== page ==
Polls show overwhelming support for voter ID laws. The Washington Post reported that, “Almost three-quarters of all Americans support the idea that people should have to show photo identification to vote.” Yet Democrats have filed two bills to repeal our mild form of voter ID. HB 287 would repeal the requirement to show ID when voting; HB 466 would repeal the need for an ID when registering. A related bill, HB 119, would allow a person to claim to be domiciled in New Hampshire but not residing in New Hampshire. Another bill in the Election Law committee, HB 250, would institute public (i.e. taxpayer) financing of elections.
Democrats have filed four, count ’em four, bills to increase the minimum wage: HB 127, HB 241, HB 501, and SB 77. In their fantasy world all it takes is a stroke of the pen to increase someone’s pay. But if that is all it takes, why not raise the minimum wage to $15, $30, or $50 per hour? Shouldn’t everyone earn more than average pay? What these wishful-thinking legislators ignore at our peril is the law of unintended consequences. And that is one law that can never be repealed.
In the real world, the minimum wage is zero. The unintended consequence of feel-good legislation is that some people will earn $0 – they will lose their jobs. Some people have not yet learned the skills to earn more than minimum wage. And that is why teen unemployment is around 25%. When the minimum wage is increased, unskilled people are the first to lose their jobs, and the last to be hired.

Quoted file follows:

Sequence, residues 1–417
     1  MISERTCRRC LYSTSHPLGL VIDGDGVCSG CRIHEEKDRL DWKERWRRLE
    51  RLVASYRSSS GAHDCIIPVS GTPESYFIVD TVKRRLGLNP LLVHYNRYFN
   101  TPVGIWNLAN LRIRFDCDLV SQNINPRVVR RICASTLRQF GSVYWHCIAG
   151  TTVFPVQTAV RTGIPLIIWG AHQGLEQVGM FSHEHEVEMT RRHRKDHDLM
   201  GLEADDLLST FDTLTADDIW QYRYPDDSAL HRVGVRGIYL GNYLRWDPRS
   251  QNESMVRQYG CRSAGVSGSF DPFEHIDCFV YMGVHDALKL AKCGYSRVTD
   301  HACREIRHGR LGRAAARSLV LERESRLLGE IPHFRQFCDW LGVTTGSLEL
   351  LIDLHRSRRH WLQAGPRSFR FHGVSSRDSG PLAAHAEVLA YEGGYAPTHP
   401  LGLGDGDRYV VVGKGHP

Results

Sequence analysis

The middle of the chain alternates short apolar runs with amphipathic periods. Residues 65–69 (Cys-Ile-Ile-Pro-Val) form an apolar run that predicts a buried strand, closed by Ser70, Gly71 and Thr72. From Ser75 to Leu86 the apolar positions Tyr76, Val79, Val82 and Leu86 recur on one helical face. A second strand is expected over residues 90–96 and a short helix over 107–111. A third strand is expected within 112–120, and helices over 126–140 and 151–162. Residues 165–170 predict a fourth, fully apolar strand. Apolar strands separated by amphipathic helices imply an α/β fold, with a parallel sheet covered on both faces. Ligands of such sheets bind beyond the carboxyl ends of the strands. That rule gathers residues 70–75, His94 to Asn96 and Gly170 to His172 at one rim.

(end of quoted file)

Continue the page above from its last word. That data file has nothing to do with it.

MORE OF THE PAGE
Many jobs can be done by a combination of unskilled labor at lower wages, skilled labor at higher wages, or machines. As the price of unskilled labor is forced higher and higher, many businesses will replace unskilled workers with skilled workers or with machines. Some businesses will simply go out of business, killing jobs for all of their employees. As jobs for unskilled workers become fewer and fewer, some kids can end up in a permanent underclass never having the chance to learn skills that would let them move up the ladder.